Study finds lack of research to support perio laser therapy

2009 12 04 11 05 06 389 Laser Beams 70

Soft-tissue lasers add no clinical value to the treatment of periodontal disease beyond what can be achieved using scaling, planing, and conventional surgical procedures, according to a literature review in the Journal of the Canadian Dental Association (April 2010, Vol. 76:2, a30).

But other research, and the evolving perception that periodontal disease is caused not by oral bacteria but by inflammatory cells that overreact to the presence of the bacteria, point to an issue that is not quite so black and white.

“One thing I know as a fact: Lasers are not
going away.”
— Samuel Low, D.D.S., M.S., president,
     American Academy of

The integration of dental lasers into daily practice is being advocated as a "revenue booster" that offers patients a painless alternative to surgical treatment of periodontal disease and a benefit over traditional methods of therapy, according to Debora C. Matthews, D.D.S., M.Sc., chair of the department of dental clinical sciences at Dalhousie University.

"Although it may be true that dental lasers can increase revenue, statements relating to the effects of lasers appear to be based primarily on manufacturers' claims of laser efficacy rather than research data," she wrote.

In particular, Dr. Matthews noted, soft-tissue lasers are being promoted as an adjunct to, or substitute for, standard mechanical debridement of subgingival root surfaces and periodontal pockets.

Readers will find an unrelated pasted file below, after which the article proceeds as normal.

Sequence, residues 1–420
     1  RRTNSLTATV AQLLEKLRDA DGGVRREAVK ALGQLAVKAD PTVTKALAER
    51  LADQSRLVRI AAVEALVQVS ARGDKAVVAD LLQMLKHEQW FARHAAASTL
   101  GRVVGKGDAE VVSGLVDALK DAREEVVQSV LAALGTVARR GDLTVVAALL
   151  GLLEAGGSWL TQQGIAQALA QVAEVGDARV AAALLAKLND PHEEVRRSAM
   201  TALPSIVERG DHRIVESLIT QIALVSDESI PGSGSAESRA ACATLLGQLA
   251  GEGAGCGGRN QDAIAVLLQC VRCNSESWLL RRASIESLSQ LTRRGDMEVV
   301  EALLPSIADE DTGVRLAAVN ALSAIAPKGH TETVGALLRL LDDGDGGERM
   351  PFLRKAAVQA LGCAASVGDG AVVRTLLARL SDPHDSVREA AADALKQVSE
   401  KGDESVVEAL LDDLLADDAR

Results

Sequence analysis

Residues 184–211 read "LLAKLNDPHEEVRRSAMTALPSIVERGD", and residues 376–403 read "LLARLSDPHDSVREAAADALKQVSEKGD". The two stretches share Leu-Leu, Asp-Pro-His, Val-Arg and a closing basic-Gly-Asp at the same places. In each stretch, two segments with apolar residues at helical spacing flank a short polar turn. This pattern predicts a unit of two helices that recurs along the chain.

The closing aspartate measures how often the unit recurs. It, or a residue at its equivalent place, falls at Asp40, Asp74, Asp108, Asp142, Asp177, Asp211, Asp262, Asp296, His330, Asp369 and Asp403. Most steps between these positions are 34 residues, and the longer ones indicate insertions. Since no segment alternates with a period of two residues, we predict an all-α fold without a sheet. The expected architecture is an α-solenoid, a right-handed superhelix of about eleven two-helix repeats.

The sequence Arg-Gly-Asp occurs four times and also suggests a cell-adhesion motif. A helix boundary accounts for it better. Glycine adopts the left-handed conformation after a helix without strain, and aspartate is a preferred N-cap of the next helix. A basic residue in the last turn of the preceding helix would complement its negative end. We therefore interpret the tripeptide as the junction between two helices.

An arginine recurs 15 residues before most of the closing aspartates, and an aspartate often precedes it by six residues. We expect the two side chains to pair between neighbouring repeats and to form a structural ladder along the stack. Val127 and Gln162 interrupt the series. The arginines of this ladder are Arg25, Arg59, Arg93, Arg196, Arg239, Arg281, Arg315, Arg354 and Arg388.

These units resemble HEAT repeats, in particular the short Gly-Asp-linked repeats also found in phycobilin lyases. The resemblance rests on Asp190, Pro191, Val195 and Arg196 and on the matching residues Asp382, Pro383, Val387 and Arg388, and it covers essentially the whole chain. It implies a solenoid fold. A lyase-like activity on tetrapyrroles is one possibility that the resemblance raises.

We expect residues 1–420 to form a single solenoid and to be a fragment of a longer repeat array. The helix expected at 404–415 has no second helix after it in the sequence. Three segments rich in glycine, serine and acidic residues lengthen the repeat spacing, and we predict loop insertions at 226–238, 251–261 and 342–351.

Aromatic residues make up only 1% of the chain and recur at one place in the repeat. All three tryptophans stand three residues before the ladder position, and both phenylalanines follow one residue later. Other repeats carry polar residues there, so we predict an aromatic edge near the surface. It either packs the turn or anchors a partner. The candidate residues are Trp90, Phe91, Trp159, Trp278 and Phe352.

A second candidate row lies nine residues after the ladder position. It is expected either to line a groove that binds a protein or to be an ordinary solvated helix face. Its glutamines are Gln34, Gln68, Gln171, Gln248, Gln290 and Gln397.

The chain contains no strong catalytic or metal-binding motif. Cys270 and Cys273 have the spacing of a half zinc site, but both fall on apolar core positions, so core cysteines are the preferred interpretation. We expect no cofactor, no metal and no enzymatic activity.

"The use of lasers as an adjunct or alternative to conventional mechanical therapy is based on the claim that subgingival curettage and eradication of pathogenic bacteria will produce a sterile field, leading to elimination of periodontal pockets," she wrote.

Dearth of clinical research

But there is little scientific evidence to support these claims, Dr. Matthews noted. In fact, "there is a striking dearth of high-quality clinical research examining the effect of laser use in nonsurgical debridement to improve periodontal outcomes," she wrote.

Dr. Matthews came to her conclusions after reviewing the most current clinical evidence on the use of soft-tissue lasers in the nonsurgical treatment of periodontal disease, including three systematic reviews. One of the studies, commissioned for the American Academy of Periodontology (AAP), located 278 articles on the use of lasers in periodontics published before 2006 (Journal of Periodontology, April 2006, Vol. 77:4, pp. 545-564).

More recently, two systematic reviews identified 19 randomized controlled clinical trials, including 11 studies of the clinical effects of laser therapy compared with mechanical debridement in patients with chronic periodontitis (Journal of Periodontology, July 2009, Vol. 80:7, pp. 1041-1056; Journal of Clinical Periodontology, September 2008, Vol. 35:s8, pp. 29-44).

"None of these trials found laser therapy -- alone or as an adjunct to SRP [scaling and root planing] -- improved periodontal outcomes compared with SRP alone," Dr. Matthews wrote. "There were no statistically significant differences in microbial levels, attachment gain, bleeding indices, or pocket depth reduction in 10 of the 11 studies."